May 19, 2013 § Leave a Comment
In France, contributions to churches and charities are treated just contributions to political parties: taxpayers get a 66 percent CREDIT for contributions up to 20 percent of income. (Mighty generous.) My old French major in college finally comes in handy, if I’m reading this right.
OK, the IRS scandal arises from treating political and charitable ENTITIES differently, « Read the rest of this entry »
May 17, 2013 § Leave a Comment
The power to tax is the power to destroy, or at least discourage. As an advocate of higher, indexed taxes on alcohol, I don’t get North Carolina Senate President Pro Tempore Phil Berger’s “North Carolina Tax Fairness Act” proposal to impose sales or services taxes on prescription drugs and doctors’ fees.
Some of the Locke Foundation group would tax alcohol like milk, and tax doctors like tattoo artists. Seriously. Look at Roy Cordato, Sales taxes and free choices, (May 25, 2010), http://www.newsobserver.com/2010/05/25/v-print/498695/sales-taxes-and-free-choices.html.
I understand that folks distrust government, and I don’t blame them. Distrusting government was at the top of the Founders’ agenda. And once government starts picking winners and losers, it can get carried away. But to insist on neutrality — to oppose having government make any distinctions — is to throw out the baby with the bath water. Taxing medicine and doctors’ visits takes the principle of neutrality to an extreme. I don’t think they’ll make that happen.
May 13, 2013 § Leave a Comment
North Carolina Senate President Pro Tempore Phil Berger floated a notional “North Carolina Tax Fairness Act” last week. Its provisions are unclear. It would impose sales taxes on prescription drugs and even reportedly services taxes on doctor’s fees, but it remains a mystery. I tried to get the specifics last week via phone and email (http://nctaxcut.com/q-and-a/), but have received no reply. If you find the plan, I’d appreciate knowing about it: email@example.com.
May 9, 2013 § Leave a Comment
Oglesby slides final for NCBA May 9, 2013 sent in: A big file, with lots of images.
May 3, 2013 § Leave a Comment
“The Home Court Advantage” is the label U.S.-based multinationals associated with the Business Roundtable want to apply to their territorial tax proposal. The problem is that the territoriality they propose gives tax preference to their foreign investments. That’s how territoriality works: we would tax their American income and not tax their foreign income. Yes, they would give home investments a disadvantage while wrapping themselves in the flag.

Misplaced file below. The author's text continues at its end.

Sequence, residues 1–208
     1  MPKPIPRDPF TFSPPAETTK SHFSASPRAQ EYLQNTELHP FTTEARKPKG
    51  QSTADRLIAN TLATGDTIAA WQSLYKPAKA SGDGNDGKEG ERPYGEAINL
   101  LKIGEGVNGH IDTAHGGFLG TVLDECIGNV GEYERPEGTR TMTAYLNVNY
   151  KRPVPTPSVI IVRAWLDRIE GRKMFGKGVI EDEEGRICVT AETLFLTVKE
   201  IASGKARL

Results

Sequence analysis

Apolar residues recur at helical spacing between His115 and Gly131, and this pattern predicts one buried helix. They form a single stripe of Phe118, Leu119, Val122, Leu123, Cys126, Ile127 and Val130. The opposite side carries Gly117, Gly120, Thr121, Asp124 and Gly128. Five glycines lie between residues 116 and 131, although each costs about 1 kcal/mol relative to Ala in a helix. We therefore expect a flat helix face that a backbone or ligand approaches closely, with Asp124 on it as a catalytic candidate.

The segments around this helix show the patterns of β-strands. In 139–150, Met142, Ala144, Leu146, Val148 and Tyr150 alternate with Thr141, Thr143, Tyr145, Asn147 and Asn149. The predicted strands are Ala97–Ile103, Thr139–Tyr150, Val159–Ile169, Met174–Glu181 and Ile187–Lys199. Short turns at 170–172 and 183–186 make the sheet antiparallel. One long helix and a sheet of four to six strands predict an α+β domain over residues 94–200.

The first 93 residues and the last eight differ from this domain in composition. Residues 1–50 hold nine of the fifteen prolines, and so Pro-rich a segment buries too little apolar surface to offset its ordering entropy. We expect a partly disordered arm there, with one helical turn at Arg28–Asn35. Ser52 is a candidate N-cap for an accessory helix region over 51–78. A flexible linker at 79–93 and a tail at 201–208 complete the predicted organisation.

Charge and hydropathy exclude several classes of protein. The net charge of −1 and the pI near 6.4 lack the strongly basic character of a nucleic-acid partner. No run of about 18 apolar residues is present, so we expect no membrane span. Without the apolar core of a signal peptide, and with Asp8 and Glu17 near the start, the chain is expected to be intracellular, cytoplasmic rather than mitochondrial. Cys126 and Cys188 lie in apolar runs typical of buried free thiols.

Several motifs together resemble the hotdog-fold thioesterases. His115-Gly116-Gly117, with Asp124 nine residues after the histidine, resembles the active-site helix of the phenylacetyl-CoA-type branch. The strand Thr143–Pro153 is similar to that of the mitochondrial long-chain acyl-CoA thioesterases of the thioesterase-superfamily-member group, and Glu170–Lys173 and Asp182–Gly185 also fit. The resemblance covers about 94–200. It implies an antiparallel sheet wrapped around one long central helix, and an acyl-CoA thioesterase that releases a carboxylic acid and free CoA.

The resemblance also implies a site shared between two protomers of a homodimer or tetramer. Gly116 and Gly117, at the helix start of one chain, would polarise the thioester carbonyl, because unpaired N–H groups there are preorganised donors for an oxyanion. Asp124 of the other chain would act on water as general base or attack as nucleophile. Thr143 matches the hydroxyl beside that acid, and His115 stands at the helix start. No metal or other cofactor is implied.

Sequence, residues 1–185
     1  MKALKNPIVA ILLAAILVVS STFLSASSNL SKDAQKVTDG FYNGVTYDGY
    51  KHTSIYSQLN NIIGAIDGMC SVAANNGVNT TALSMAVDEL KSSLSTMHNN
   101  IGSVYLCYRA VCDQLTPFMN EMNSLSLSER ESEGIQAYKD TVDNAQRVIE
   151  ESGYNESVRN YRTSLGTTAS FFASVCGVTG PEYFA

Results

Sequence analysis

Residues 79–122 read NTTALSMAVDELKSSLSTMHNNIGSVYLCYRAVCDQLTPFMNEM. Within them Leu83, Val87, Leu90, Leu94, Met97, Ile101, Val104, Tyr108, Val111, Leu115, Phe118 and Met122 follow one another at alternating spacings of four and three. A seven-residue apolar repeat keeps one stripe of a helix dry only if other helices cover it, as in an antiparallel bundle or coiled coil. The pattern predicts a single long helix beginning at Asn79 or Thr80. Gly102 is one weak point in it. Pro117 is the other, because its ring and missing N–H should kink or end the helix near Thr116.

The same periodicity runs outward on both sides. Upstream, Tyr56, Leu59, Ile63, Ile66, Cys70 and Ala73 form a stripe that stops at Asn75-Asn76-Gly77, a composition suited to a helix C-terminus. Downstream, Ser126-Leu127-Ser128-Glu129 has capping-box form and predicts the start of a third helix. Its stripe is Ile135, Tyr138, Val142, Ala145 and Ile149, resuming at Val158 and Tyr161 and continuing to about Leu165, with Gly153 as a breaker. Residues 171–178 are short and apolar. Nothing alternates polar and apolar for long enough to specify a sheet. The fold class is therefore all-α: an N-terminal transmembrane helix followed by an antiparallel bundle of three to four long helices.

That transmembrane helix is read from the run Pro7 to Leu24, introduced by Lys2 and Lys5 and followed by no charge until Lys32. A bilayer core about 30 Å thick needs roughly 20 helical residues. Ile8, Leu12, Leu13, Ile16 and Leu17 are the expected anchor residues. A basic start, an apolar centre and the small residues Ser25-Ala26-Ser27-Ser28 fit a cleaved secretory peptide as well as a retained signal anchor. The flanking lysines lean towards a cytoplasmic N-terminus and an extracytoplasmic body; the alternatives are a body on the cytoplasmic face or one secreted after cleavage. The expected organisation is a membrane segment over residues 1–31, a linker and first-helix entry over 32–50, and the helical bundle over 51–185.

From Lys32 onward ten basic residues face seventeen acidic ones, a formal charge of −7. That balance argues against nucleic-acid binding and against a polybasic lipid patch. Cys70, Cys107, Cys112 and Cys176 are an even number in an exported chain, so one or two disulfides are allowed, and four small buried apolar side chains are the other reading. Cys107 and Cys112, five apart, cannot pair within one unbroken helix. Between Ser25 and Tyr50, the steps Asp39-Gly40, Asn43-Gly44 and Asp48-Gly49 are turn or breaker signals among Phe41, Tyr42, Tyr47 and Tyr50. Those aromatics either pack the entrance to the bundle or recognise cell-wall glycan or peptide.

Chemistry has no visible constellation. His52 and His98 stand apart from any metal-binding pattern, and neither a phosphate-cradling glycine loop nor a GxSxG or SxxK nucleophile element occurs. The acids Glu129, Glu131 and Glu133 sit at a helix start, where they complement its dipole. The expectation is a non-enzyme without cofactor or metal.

What’s their defense for twisting words this way? « Read the rest of this entry »
May 2, 2013 § Leave a Comment
The easy answer is this: “The Roth IRA is named after Senator William Roth, chairman of the Senate Finance Committee and an advocate of Individual Retirement Arrangements.”
But Senator Roth did not name his plan to allow current taxation and future deferral after himself. That would have been bad form by any standard. When he first introduced his plan, at some point between 1988 and 1990 inclusive, he called it the IRA PLUS. Since the plan deferred revenue losses into later “out” years, my boss Senator Bentsen, opposing the plan, said PLUS stood for “Pay Later Uncle Sam.” (That was Tax Notes quote of the week.)
In 1997, when the plan was enacted, somehow (I wasn’t around DC then) it acquired the name Roth IRA. Senator Roth had no doubt been pushing it hard for years. But he was not so self-congratulatory (or naïve) to name it after himself ever.
May 1, 2013 § Leave a Comment
I’m getting closer to concluding that smokable marijuana should be taxed by weight, and edibles by potency of the processed material in them. Asking around, I got this confirmation from someone who knows lots more than I do:
April 30, 2013 § Leave a Comment
I’ve formed a new North Carolina nonprofit, the Center for Sensible Revenue. Some allies like the name better than Center for New Revenue. Heck, I started out with the label New Taxes, so I’m moving toward the mainstream. Still keeping http://www.newrevenue.org.
April 26, 2013 § Leave a Comment
Representative Diane Russell’s marijuana legalization bill in Maine would impose a $50 per ounce tax — and unlike so many others, includes indexing for inflation. « Read the rest of this entry »